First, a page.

The world of Violet Austerlitz’s self-published comic The Satanic Mechanic first appeared in a short story.
“The very, very early origins came from a little piece I wrote that was published in Little Village,” Austerlitz said in an interview in an Iowa City coffee shop.
The piece, “What Happened to Violet Kubicek,” was published in February of 2014 under the name of Violet Virnig, also the name she uses when serving as Riverside Theatre’s technical director. Using Virnig for her theater work and Austerlitz (her middle name) for her comics is “a way of separating the two kinds of arts making,” she explained.
“What Happened to Violet Kubicek” was part of Little Village’s Hot Tin Roof project, which is an ongoing juried opportunity for Iowa City writers.
In the story, the title character, who works in a donut shop, is both awestruck and inconvenienced by a 500-foot pillar of granite that mysteriously appears in University Heights.
While the reasons for the appearance of the pillar were unclear at the time, Austerlitz had taken the first step toward creating what she calls a “bizarro version of Iowa City that I liked constructing in my head.”
“What Happened to Violet Kubicek” doesn’t mention any mechanics at all, let alone satanic mechanics, but Austerlitz, who said she’s been a Car Talk listener since she was a young child, was soon imagining “a mechanic for the stranger problems that might plague old cars.”
“The eccentricity of cars is something I’ve always been aware of,” she said.
Enter Agnes and Clover, the stars of The Satanic Mechanic: Chapter One, The Secret Desires of Elderly Buicks. Agnes, depicted in coveralls and boasting pointed ears and antlers, is featured on the cover cradling a car part.
“St. Agnes is usually depicted holding a lamb, which I replaced with a muffler.”
Clover, her co-worker, holds a hubcap behind Agnes’ head in place of a halo.
This is interesting religious territory for the child of a pastor. While Austerlitz says she herself is not a terribly religious person, she has an ongoing fascination with religion.
“I particularly find the notion of the satanic fascinating,” she said, “especially when applied to the very mundane.”
Like car repair, for example. In the first issue of The Satanic Mechanic, Agnes and Clover set out to diagnose and repair a Buick that has taken to growling.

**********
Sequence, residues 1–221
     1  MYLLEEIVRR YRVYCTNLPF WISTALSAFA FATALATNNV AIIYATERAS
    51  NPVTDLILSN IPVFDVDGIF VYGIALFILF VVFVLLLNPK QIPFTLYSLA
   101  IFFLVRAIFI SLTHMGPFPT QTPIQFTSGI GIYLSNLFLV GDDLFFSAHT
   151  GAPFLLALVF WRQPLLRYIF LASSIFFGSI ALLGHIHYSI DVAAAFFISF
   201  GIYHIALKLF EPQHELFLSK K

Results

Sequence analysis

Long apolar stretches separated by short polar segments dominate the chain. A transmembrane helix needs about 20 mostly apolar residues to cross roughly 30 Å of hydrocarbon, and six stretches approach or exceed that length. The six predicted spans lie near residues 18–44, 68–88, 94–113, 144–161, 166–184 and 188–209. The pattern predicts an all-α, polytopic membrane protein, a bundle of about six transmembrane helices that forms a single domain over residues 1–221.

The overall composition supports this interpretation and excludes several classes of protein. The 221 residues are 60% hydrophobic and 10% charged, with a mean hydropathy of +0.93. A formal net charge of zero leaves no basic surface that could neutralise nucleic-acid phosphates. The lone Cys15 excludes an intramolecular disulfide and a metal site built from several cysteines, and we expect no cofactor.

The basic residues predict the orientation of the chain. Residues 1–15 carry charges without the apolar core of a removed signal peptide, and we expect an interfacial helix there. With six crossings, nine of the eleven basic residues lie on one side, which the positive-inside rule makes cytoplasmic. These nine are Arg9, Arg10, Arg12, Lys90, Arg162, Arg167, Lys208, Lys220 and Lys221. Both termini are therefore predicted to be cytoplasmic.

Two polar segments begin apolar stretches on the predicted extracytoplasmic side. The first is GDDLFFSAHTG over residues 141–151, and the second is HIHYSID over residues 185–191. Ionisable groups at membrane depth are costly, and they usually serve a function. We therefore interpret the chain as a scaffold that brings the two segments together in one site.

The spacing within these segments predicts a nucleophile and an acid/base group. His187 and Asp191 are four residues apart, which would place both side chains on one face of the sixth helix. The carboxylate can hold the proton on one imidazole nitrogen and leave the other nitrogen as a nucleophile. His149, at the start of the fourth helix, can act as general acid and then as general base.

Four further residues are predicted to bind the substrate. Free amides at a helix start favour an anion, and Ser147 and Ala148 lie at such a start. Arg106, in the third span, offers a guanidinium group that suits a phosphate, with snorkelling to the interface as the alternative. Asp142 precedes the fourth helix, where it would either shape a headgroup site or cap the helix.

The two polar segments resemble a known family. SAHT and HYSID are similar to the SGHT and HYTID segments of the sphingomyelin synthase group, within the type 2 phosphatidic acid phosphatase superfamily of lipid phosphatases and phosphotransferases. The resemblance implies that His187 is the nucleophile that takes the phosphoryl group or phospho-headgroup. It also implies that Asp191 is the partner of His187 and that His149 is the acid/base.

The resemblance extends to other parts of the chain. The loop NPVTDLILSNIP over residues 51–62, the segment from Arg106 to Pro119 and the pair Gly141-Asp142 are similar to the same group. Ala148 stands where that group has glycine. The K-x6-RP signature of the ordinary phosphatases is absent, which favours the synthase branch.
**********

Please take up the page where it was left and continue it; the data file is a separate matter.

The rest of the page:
“Growling is something these cars actually do,” Austerlitz explained, laying out the mechanical reason for the issue. For her comic, she imagined a different cause. “What if this is happening due to some suppressed id that yearns to run free?”
A car with a suppressed id? “The anthropomorphizing of old cars is something I find really interesting. Any mass-produced machine that has a personality is something I’m interested in.”
Austerlitz knows this particular Buick well.
“The car is actually based on a car my very best friend in college owned.” She says the 1992 Buick Park Avenue was “the last ocean-liner car that Buick made.”
“We would primarily use it to drive at irresponsibly high speeds down gravel roads.”
The inaugural issue of The Satanic Mechanic has a bit of a work-in-progress feel, something Austerlitz is well aware of.
“A lot of this is born out of the fact that I’m not entirely sure what I’m doing, which is exciting.”
That’s not sarcasm. Austerlitz seems genuinely enthused about continuing to find her way as a comics creator, solving problems as they arise. That’s a process that was underway in the first issue. She would think to herself, “I’m not sure how to do this, so I’m just going to make decisions. That works well for me because I tend to overthink things.”
Austerlitz employed a blended process for her first issue.
“The whole thing is a mixture of hand drawn and digitally drawn artwork,” she said. “The process needs some refining, but going forward I think I will mostly draw by hand.”
As for the future direction of the story, Austerlitz has some ideas.
“In a nebulous way, I have six or seven issues in mind.” Agnes and Clover will continue to figure prominently, though a more episodic approach might bring in a wider cast of characters, giving us glimpses of “the other weird things that go on in this city.”
Speaking of other weird things, what about that enormous pillar from the original short story? It appears as a teaser image on the back cover of The Secret Desires of Elderly Buicks.
“The current idea,” Austerlitz said, “is that this pillar of granite has been created to provide a space for many more condos.”
So it would appear that ongoing development is in full swing not only in the real Iowa City, but in Austerlitz’s alternate imagining, as well.
The first issue of The Satanic Mechanic had a limited print run, though Austerlitz anticipates a second printing at some point. It is also available digitally. More information is available at violet-austerlitz.com.
Born colorblind and therefore convinced he’d never enjoy graphic forms of storytelling, Rob Cline was first bitten by the comics bug in college. The resulting virus lay dormant for many years before it was activated by the inscrutable work of Grant Morrison. Now Cline seeks out the good and bad across the comics landscape as the Colorblind Comics Critic. This article was originally published in Little Village issue 202.